Bacon is part of traditional English cooked breakfasts but is also a versatile ingredient that imparts an unmistakable flavour and texture to other dishes. Its famous irresistibility has been the downfall of many a vegan wannabe. Bacon has developed something of a bad-boy reputation with a raft of (unwarranted) nutritional concerns that get between you and it:
But its too high in salt! – See our post ‘Salt of the Earth’ here. But it contains nitrates and nitrates! – we previously reviewed the research on pork and bacon, and found trials demonstrating positive outcomes suggesting that concern over nitrates and nitrites may be misplaced – indeed some studies show bacon may have protective effects on the intestines! But red meat causes cancer! Maybe, maybe not, but did you know that dietary calcium (from cheese and milk) completely prevents the formation of the putative carcinogens produced by red meat in the gut. So we’ve added some halloumi to our fry-up in the cooking comparison at the end.
Our conclusion: If you are eating a high quality varied diet you don’t need to worry about bacon. So, lets tuck in to some of the best bacon around…
Waitrose deli-counter Italian Pancetta ★★★★☆
This pancetta is delicious having a herby crust that gives it a distinct flavour. We ask for it to be cut very thinly and the ensuing strips are almost transparent. Being more than 50% fat these need just the briefest time in a medium pan to become crinkly and cooked – in fact they don’t even need additional fat in the pan as they will cook in their own lard. Leave them in for longer and they crisp up nicely, making a great snack once cooled.
In the end I gave it four stars as its not organic nor do we know the welfare standards, and it’s expensive at £25 per kilo – but still brilliant, even in small amounts.
Sainsbury’s Taste the Difference Dry Cured, Outdoor Bred, British Streaky Bacon, 220g ★★★★★
This is a mainstay in our house and we reckon it’s the best supermarket bacon you can buy. Being dry-cured and with no added water there is none of that white foam that inferior bacon produces, nor do these rashers immediately shrink in the pan.
The process of air curing – which takes fourteen days – actually reduces the water content compared to the raw meat, making these very good value for money. In fact with a protein content to 28g/100g these are likely to have a higher nutrient content – think zinc, iron, b-vitamins – than many lean cuts of prime pork! This increased density gives tham a good meaty flavour and the dry curing means they are not too salty either. They are available smoked, if you prefer, but we buy the unsmoked version.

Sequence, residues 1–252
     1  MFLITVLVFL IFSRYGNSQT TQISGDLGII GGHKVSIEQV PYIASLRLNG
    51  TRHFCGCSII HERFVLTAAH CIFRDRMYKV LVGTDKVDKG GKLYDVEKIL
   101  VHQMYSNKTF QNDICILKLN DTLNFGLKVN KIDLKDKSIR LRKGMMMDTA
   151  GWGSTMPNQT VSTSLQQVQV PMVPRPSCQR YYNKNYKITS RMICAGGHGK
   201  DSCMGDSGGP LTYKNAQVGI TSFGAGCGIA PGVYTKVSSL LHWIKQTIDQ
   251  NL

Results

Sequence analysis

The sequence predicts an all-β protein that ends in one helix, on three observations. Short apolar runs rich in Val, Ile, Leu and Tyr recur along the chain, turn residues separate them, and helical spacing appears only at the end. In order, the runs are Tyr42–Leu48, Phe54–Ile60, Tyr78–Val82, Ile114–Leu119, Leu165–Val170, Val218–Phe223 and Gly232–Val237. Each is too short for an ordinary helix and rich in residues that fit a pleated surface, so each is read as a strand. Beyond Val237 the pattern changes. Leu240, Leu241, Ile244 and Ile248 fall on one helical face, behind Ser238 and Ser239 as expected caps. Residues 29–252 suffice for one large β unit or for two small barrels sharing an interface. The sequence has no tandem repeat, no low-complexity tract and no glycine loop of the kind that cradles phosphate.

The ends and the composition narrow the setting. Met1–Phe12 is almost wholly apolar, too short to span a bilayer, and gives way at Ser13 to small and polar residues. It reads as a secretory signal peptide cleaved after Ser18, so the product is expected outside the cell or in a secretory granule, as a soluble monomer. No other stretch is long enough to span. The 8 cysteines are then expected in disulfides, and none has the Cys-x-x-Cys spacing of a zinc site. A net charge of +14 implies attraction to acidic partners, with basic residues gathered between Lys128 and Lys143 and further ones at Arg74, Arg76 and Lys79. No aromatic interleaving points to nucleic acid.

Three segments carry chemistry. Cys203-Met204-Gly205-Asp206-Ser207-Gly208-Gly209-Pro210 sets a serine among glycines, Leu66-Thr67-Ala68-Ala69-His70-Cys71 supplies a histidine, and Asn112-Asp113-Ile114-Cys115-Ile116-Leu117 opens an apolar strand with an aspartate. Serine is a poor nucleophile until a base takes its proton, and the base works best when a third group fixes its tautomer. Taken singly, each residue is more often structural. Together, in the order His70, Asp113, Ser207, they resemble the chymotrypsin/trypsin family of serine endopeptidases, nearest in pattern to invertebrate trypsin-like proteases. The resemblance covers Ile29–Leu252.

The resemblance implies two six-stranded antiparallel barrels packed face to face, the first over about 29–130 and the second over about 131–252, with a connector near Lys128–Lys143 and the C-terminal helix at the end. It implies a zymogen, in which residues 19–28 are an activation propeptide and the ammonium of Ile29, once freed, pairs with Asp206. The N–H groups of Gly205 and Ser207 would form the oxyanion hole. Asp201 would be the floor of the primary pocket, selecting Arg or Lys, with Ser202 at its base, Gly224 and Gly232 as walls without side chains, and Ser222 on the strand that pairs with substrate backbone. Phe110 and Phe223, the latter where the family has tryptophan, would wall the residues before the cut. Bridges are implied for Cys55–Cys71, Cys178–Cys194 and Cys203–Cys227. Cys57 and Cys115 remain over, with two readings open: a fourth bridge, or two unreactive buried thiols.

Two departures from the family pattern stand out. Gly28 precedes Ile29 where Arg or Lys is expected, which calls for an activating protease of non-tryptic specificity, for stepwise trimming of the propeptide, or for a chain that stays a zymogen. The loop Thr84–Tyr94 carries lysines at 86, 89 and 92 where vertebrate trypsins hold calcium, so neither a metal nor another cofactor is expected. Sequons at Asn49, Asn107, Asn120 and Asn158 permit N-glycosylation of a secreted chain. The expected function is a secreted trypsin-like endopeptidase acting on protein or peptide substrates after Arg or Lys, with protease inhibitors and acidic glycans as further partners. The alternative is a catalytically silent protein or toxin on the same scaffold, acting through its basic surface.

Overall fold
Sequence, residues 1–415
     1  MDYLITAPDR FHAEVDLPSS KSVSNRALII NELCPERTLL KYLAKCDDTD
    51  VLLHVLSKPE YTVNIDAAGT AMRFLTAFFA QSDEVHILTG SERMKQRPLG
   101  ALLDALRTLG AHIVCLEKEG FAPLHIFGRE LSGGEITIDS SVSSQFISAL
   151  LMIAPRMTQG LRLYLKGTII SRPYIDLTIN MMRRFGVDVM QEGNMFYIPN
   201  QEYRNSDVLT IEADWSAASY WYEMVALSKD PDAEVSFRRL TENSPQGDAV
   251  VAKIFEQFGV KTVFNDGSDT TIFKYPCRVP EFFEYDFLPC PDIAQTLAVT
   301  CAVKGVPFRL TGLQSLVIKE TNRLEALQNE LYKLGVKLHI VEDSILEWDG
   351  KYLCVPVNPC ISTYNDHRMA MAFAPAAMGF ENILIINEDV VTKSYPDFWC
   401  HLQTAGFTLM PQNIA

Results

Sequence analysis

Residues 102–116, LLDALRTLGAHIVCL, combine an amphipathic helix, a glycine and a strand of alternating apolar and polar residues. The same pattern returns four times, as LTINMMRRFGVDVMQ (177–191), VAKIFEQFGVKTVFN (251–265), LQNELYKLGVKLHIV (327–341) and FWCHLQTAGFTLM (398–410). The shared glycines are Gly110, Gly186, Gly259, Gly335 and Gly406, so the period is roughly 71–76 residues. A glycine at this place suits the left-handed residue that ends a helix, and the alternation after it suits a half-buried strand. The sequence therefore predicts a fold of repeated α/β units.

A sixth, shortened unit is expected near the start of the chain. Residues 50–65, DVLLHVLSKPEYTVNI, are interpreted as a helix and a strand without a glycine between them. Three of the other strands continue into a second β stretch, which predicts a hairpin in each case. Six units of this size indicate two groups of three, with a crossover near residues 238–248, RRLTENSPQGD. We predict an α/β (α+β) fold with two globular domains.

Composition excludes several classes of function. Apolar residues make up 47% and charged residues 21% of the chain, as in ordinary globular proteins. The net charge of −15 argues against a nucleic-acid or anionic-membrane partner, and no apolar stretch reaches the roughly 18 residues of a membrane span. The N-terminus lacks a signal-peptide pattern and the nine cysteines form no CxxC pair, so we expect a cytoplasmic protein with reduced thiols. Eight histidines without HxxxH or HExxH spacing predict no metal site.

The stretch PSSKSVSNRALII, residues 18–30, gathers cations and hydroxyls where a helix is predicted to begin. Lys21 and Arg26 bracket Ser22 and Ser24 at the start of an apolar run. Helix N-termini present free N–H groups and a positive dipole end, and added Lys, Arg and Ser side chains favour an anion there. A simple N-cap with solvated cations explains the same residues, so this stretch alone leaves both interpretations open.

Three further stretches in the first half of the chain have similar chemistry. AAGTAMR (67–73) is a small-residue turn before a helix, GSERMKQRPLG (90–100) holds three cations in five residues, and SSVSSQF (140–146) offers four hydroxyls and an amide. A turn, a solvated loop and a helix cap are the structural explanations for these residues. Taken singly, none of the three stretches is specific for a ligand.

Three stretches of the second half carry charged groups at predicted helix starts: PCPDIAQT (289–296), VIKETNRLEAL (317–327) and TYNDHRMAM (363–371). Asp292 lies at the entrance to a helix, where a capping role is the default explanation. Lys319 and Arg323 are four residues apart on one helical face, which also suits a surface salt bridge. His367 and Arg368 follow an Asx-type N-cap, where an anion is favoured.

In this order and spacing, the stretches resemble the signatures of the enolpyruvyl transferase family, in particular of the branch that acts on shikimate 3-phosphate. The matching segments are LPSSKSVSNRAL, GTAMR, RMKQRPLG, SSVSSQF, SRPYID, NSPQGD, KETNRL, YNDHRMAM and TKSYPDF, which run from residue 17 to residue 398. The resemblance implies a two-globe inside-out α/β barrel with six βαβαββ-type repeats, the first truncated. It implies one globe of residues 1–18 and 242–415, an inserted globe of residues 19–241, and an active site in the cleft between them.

Whilst each rashers is narrow, you get fourteen in a pack; This is great if you are cutting them into pieces for liver and bacon, and being a uniform width they work well laid over a roast chicken or wrapped around grain-free sausages. For a good old English fry up they are superb.
Although they are not organic, they are made using British pork adhering to the RSPCA’s strict Freedom Foods farm assurance scheme. The production in Yorkshire, is overseen by the butcher whose traditional bacon was so good that it was sought out by Jamie Oliver, Anthony Worrall Thompson and Rick Stein. You can read the interesting back story here:
Waitrose unsmoked British streaky bacon, 12 rashers (250g) ★★★★☆
These are a good runner up in the British streaky bacon, dry-cured category and come a close second to the Sainsbury’s ones above. Although more expensive, you do get an extra 30g per pack, but they are lower in protein 18g/100g.
Tesco Organic Back Bacon Rashers 200g ★★★☆☆
We wanted to include one organic bacon and we have bought this one in the past. Whilst its nice that it is organic, it is disappointing that the pork is Dutch rather than English.
Although each rasher is more traditional in shape than the Sainsbury ones above, you only get 6 in the pack, and because they are wet rather than dry cured they only have about half the protein and fat content.
In our cooking test these rashers shrunk considerably, and oozed some white foam as wet-cured bacon is want to do. The taste, however, was very good, but pound (£) for pound (lb) you are only getting half the protein and associated nutrients compared to Sainsbury’s air dried rashers. This limited the Tesco rashers to only three stars.
Cooking comparison: Tesco Organic bacon vs Sainsbury Taste the Difference Dry Cured bacon
Which is your favourite bacon? Let us know in the comment section.